In those times, the only spiritual enjoyment for the Jews was, listening to a good Chazan on Shabbat. So, in addition to being a learned person, he had also to be an extremely gifted singer, with an outstanding voice, and the ability to bring his listeners into ecstasy and spiritual uplift.
A Chazan in the Shtot Shul had to possess even greater qualities and a higher standard of talent than elsewhere. He had to be a singer of Virtuoso-Chazanut, able to improvise with religious warmth and feeling – what is known in Yiddish as a Zoger, and above all, he had to be able to introduce sweet melodies and occasionally vary them to uplift his listeners during the chanting of the prayers. He had to possess a natural coloratura which would thrill the people and stir their souls.
One such Chazan was the ‘Vilner Balhabessel’, a young singer who made his first impact upon his generation at the age of thirteen. He roused in the hearts of his listeners a sense of spiritual enthusiasm. The memory of this man always glowed warmly in the hearts of his contemporaries. They would recall, with heartfelt thanks and great pride that they had had the privilege of hearing the ‘Vilner Baihabessel’.
His real name was YOEL DOVID LOEWENSTEIN (according to other sources his name was LEVINSOHN, or even STRASHINSKY), born in 1816 in Libai (Latvia). At the age of eleven he already impressed critical connoisseurs with his melodious voice and was nicknamed ‘Der Yingale’ – ‘the young one’. His father was Reb Zvi Hirsh, the City Chazan in Vilna at that same Shul during the years 1822-1830, who died young, when Yoel Dovid was a boy of fourteen.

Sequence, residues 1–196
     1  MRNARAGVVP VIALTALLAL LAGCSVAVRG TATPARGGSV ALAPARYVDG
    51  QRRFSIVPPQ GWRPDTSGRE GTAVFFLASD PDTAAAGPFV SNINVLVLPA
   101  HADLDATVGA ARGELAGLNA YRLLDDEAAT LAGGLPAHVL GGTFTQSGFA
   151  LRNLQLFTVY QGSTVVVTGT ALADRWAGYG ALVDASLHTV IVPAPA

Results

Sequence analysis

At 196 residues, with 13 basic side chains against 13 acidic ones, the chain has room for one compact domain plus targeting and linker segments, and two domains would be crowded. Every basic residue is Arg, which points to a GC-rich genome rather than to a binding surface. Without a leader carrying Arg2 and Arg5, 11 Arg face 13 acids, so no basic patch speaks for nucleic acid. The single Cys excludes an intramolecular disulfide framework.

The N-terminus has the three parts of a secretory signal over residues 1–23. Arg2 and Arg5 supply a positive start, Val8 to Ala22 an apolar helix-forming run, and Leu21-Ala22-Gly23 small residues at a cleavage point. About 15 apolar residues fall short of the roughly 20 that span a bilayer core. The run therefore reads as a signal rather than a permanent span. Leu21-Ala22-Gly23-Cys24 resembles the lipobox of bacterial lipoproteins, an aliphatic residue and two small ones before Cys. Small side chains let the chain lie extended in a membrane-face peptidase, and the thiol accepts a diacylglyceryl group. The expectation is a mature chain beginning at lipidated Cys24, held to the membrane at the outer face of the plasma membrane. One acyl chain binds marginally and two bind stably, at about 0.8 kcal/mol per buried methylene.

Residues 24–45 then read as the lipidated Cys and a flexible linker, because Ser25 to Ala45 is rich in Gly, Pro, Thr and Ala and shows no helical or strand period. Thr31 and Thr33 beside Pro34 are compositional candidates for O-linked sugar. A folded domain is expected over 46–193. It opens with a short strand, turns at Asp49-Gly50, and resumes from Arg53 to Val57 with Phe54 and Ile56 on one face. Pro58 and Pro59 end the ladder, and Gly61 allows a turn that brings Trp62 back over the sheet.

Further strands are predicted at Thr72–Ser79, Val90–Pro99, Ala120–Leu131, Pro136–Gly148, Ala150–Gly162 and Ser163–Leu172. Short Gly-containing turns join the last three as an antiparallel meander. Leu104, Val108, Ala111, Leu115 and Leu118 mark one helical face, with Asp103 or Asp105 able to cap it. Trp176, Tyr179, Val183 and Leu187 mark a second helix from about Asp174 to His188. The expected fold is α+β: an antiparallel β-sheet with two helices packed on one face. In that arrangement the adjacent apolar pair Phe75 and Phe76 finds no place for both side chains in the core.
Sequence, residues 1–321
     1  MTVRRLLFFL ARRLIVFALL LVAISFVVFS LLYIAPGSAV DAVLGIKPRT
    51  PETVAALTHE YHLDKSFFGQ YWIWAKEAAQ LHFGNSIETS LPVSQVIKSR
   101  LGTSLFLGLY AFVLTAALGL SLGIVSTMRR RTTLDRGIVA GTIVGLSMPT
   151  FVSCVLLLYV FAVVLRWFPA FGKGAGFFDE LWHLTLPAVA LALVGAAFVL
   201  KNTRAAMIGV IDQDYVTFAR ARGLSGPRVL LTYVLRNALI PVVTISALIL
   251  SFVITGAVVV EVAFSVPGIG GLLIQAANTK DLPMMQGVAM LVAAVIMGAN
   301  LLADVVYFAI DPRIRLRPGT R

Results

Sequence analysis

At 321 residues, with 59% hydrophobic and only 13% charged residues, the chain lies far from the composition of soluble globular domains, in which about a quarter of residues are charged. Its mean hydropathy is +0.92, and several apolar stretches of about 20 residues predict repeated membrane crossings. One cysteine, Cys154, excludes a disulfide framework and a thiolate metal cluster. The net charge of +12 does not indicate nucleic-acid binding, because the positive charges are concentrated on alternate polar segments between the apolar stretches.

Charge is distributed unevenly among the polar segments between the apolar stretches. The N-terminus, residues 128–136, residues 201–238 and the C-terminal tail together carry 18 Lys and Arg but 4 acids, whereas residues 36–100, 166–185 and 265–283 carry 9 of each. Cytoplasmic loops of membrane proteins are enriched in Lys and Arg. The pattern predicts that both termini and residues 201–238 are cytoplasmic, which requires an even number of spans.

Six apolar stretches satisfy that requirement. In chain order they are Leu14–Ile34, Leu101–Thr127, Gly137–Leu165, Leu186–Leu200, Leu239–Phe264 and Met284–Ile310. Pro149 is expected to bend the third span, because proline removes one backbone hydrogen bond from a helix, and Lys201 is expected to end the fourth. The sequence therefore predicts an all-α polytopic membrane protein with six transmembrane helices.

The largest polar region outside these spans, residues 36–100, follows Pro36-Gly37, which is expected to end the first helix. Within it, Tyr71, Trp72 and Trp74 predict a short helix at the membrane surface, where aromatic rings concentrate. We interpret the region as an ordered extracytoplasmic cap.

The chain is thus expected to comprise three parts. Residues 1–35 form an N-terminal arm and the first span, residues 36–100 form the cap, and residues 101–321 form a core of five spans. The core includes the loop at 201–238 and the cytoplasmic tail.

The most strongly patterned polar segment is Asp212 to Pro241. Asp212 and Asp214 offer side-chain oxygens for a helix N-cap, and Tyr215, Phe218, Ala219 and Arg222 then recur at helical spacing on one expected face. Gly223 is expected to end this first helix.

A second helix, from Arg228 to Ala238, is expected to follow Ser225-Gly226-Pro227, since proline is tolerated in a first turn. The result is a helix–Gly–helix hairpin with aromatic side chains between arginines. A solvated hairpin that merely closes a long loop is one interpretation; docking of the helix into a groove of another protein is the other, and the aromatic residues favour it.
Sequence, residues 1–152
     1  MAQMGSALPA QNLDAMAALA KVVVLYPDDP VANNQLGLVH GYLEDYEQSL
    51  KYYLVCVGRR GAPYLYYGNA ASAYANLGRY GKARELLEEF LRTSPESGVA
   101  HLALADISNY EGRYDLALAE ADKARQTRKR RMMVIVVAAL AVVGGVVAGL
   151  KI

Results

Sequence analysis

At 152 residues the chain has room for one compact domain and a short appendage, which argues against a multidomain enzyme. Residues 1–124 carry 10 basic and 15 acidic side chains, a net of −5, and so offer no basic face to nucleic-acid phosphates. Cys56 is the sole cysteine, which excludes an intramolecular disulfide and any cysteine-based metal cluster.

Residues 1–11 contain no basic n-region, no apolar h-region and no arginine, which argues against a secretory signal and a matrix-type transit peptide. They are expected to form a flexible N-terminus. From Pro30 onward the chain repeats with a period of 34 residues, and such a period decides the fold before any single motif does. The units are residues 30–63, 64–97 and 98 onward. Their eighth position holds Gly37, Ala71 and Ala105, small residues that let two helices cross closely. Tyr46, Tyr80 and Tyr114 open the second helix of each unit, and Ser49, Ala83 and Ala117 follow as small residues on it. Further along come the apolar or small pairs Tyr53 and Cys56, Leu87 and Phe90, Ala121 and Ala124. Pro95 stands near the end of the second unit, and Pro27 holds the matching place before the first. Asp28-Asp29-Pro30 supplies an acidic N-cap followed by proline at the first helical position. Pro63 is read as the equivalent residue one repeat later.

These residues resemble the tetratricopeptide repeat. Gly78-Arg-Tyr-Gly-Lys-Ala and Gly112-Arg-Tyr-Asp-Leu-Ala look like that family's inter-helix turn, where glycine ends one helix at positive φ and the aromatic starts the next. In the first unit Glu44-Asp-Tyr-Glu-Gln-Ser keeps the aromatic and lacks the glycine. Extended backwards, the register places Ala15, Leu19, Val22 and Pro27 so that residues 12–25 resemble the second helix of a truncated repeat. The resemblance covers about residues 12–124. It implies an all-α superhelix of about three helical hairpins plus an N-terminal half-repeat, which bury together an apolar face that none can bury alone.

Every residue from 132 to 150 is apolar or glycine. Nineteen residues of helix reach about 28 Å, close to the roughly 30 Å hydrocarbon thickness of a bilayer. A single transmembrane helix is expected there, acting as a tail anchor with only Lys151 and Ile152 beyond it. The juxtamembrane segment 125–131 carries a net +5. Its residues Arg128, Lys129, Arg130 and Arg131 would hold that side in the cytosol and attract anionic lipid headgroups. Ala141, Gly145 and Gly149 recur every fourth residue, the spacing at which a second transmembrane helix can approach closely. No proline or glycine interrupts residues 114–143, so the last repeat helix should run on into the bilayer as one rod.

When Yoel Dovid became Bar Mitzvah, he was naturally ‘called-up’ in the Vilna ‘Shtot Shul’. To the surprise of the people present, after reciting his Haftorah, he went on to daven the Mussaf. As soon as he began to sing ‘Y’kum Purkon’, the word spread throughout the neighbourhood, that the young YoeI Dovid was officiating. The Shul was very soon packed to capacity, people listening with astonishment to his beautiful voice. He sang with such sweetness, that the Congregation was swept off its feet as it acclaimed his thrilling singing, with heartfelt warmth.
This was the beginning of his career. From time to time, he was asked to perform Services at the Shul. After the sudden death of his father, he was called to be the unofficial Chazan of the Community, in spite of his youth. The young lad, endowed with genius and uninhibited talent, was beloved and cherished by the people of Vilna almost to a degree of idolatry.
Eventually, they appointed him to be Chazan of the Shul, although there was another, older, Chazan. Not until six years later, at the age of twenty, was he given the official Appointment Contract, known as the ‘K’sav Chazanut’, signed by the Parnasim of the Kebillah and by famous Rabbis of the day.